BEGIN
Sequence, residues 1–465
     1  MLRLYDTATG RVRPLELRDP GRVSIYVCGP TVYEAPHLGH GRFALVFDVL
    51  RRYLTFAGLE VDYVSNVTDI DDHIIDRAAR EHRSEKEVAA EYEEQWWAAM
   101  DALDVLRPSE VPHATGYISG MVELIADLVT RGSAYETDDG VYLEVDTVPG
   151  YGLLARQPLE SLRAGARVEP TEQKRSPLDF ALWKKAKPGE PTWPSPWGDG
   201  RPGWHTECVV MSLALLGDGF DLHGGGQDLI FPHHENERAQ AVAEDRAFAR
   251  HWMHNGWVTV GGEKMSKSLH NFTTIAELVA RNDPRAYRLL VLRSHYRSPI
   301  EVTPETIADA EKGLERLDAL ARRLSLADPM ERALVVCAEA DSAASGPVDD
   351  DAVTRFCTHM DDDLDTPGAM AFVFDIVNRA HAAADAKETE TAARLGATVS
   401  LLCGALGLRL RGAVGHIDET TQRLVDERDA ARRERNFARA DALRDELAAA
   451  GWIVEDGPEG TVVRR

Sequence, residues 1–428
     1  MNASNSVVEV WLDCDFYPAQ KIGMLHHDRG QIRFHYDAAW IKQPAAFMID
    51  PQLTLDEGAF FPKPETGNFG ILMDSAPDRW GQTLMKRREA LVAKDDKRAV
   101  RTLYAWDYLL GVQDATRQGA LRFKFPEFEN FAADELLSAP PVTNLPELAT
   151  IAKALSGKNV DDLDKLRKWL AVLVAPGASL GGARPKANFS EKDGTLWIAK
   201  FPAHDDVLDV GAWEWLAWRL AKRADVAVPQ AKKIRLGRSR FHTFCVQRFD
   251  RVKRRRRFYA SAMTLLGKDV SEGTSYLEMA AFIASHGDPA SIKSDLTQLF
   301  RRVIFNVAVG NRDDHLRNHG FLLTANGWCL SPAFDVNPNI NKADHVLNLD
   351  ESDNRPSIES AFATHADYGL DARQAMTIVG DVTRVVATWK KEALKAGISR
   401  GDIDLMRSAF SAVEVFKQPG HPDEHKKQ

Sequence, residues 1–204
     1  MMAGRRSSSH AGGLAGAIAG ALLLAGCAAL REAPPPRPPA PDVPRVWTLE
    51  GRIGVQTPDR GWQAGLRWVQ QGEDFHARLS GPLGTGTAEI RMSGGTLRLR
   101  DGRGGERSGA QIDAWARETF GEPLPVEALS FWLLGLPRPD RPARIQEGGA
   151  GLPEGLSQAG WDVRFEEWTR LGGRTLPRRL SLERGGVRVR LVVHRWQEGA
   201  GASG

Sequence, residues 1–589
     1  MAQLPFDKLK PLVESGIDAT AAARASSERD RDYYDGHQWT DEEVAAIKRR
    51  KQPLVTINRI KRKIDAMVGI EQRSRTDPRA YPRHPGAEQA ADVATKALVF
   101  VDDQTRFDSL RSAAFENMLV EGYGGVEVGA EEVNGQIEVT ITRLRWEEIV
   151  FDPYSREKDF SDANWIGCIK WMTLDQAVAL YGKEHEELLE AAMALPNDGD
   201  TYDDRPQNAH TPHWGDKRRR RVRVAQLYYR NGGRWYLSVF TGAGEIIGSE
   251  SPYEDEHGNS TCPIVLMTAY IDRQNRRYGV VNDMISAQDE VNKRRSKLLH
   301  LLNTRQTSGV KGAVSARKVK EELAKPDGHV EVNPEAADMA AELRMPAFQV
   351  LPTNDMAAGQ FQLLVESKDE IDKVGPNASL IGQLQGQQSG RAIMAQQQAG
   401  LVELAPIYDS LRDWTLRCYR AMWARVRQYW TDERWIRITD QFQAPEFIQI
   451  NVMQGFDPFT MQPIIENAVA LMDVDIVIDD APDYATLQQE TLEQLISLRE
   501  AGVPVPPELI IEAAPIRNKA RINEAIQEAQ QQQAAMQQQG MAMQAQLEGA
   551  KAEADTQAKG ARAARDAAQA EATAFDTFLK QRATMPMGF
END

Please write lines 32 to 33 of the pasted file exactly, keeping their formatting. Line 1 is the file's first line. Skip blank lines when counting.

   151  FDPYSREKDF SDANWIGCIK WMTLDQAVAL YGKEHEELLE AAMALPNDGD
   201  TYDDRPQNAH TPHWGDKRRR RVRVAQLYYR NGGRWYLSVF TGAGEIIGSE